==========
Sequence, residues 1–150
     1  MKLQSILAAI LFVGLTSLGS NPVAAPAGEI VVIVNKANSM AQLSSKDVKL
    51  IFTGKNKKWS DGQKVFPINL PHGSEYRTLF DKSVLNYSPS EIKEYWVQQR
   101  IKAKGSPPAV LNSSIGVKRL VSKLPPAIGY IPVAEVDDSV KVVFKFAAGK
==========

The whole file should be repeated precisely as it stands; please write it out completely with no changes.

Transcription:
Sequence, residues 1–150
     1  MKLQSILAAI LFVGLTSLGS NPVAAPAGEI VVIVNKANSM AQLSSKDVKL
    51  IFTGKNKKWS DGQKVFPINL PHGSEYRTLF DKSVLNYSPS EIKEYWVQQR
   101  IKAKGSPPAV LNSSIGVKRL VSKLPPAIGY IPVAEVDDSV KVVFKFAAGK